Just as carrot is the unquestioned basis for a spiced cake, so too can its paler counterpart the parsnip be shredded and enveloped in batter. "That's my favorite way to use a parsnip," Scarola says. "They're sweet but also subtle. You can swap out the carrot in your favorite recipe and keep the usual spices like cinnamon and nutmeg."

Sweet squashes are a nice substitute for pumpkin; in fact most canned "pumpkin" purees are made with true squash. In the Kabocha Squash Pie from The Beekman 1802 Heirloom Dessert Cookbook (Rodale, 2013), the flavor is noticeably lighter, the texture richer, silkier.

Even the finishing touch can be vegetable: Elizabeth Paradiso of Sweet Elizabeth's Cakes in Manayunk not only makes her red velvet cupcakes with pureed beets, she also crowns them with candied beet. May, meanwhile, likes to use candied fennel, carrot, or parsnip as a garnish for cookies, pies, and cakes.

Varieties such as purple carrots and golden beets add still more nuance and pops of color, while fruit and herbs (which are, yes, also technically vegetables) contribute another layer of flavor. Some harmonious combinations: pear and parsnip; apple and rutabaga or squash; cranberry and pumpkin.

In the end, balance is the key - even with a delicious calorie bomb. "No matter what vegetables you're using, the result should make you feel slightly guilty," Jacoby says. "Dessert should be dessert."


Winter Kabocha Squash Pie

Makes 8 servings

For basic pie dough:

1 1/4 cups all-purpose flour (spooned into a cup and leveled off)

1 tablespoon sugar

1/4 teaspoon salt

8 tablespoons cold unsalted butter, cut into bits

3 to 4 tablespoons ice water

For the filling:

2 cups kabocha squash puree (from about 2 pounds of roasted squash chunks)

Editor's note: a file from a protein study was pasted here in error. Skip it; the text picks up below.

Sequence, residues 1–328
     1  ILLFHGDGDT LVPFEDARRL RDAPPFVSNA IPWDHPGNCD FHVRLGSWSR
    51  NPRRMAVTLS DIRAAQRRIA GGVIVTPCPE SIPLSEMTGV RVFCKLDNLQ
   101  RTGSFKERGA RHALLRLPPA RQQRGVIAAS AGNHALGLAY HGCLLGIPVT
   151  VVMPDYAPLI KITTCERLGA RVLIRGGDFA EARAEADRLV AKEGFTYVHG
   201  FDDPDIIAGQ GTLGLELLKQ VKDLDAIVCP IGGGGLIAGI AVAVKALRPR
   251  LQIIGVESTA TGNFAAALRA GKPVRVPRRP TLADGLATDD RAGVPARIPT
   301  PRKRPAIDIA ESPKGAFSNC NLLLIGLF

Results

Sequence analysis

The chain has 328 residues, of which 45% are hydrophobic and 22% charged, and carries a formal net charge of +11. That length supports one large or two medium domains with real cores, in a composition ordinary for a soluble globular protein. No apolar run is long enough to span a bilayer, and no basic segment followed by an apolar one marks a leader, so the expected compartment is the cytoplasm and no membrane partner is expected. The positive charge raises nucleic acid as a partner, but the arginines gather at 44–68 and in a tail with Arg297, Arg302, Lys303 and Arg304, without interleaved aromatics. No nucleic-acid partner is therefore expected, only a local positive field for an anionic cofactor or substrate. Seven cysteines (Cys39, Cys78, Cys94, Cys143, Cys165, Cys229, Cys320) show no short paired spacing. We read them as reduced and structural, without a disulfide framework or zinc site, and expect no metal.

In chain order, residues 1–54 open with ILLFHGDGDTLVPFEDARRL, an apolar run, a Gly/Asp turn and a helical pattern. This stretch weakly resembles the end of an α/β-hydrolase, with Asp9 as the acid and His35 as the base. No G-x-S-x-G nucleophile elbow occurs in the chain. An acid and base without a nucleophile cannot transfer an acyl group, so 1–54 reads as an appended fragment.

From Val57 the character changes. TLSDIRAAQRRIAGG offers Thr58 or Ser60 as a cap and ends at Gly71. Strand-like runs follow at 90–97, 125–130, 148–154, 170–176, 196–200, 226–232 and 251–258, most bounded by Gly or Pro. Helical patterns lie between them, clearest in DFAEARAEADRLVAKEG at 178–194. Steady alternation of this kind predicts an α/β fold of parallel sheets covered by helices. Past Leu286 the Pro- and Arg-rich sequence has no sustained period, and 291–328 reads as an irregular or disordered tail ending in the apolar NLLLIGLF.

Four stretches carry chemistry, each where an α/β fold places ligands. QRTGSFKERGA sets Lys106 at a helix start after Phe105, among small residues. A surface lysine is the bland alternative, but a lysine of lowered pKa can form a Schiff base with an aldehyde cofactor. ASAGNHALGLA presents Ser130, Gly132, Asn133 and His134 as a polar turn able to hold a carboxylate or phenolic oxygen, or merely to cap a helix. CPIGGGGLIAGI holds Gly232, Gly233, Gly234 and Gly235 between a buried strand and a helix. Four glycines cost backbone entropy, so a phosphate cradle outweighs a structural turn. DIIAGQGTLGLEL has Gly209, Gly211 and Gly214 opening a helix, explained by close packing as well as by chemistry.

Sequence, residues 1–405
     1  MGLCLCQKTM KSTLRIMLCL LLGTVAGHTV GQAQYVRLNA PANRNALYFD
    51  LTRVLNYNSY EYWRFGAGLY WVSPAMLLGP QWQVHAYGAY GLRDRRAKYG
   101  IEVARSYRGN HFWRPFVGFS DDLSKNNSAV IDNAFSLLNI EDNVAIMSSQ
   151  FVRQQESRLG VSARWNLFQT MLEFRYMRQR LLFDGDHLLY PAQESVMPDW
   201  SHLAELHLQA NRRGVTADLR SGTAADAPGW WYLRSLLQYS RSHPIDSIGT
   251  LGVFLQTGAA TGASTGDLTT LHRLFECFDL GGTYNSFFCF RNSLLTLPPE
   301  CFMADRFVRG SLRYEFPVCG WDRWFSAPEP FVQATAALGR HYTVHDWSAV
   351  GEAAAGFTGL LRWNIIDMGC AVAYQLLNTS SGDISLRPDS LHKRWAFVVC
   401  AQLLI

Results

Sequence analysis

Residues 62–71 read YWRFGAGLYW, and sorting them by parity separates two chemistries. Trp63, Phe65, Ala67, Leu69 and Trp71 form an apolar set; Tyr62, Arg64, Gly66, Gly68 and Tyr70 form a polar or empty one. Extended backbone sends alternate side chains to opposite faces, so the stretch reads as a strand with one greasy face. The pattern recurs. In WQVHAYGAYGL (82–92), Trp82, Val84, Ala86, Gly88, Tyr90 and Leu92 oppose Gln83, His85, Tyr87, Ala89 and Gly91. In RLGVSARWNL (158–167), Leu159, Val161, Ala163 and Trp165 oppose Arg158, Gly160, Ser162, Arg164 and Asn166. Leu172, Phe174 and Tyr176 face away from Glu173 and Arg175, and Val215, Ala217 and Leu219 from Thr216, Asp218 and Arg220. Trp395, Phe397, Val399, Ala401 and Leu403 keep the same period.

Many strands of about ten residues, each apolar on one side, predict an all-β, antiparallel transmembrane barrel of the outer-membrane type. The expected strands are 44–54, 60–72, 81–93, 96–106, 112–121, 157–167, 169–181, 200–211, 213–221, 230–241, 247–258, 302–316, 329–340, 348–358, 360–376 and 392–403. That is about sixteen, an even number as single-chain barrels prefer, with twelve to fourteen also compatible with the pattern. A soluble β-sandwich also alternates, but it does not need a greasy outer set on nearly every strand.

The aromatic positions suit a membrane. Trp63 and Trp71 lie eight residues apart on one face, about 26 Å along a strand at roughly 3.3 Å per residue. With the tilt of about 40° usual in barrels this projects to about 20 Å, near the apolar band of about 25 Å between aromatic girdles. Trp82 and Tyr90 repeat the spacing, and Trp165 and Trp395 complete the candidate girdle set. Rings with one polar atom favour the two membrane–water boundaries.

1/2 cup granulated sugar

1/2 cup packed light brown sugar

2/3 cup heavy cream

2/3 cup milk

2 large eggs

2 tablespoons bourbon or Scotch

2 tablespoons all-purpose flour

1 teaspoon ground cinnamon

1 teaspoon ground ginger

1/4 teaspoon ground cloves

1. To begin making the dough, in a large bowl, whisk together the flour, sugar, and salt. Add the butter and with a pastry blender or 2 knives used scissor-fashion, cut in the butter until large pea-size bits are formed. Add just enough ice water so the mixture holds together when pinched between 2 fingers. Shape into a disk, wrap in waxed paper or plastic wrap, and refrigerate 1 hour or up to 2 days.

2. On a lightly floured work surface, roll out dough to a 12-inch round. Roll the dough around the rolling pin and then fit it into a 9-inch pie plate without stretching it, pressing it into the bottom and against the sides of the pan. With scissors or a paring knife, trim the dough to leave a 1-inch overhang around the edge. Fold the overhang in over the rim to make a double layer of dough and, with your fingers, crimp it all around. Refrigerate for at least 1 hour before baking (this helps relax the dough and prevents it from shrinking once baked).

3. Preheat the oven to 350°F. In a large bowl, whisk together the kabocha puree, the granulated and brown sugars, cream, milk, eggs, and bourbon. Stir in the flour, cinnamon, ginger and cloves.

4. Pour the mixture into the pie shell and bake 45 minutes, or until the pie is set with a slightly wobbly center. Cool on a wire rack. Serve at room temperature or chilled.

- From The Beekman 1802 Heirloom Dessert Cookbook

by Brent Ridge and Josh Kilmer-Purcell and Sandy Gluck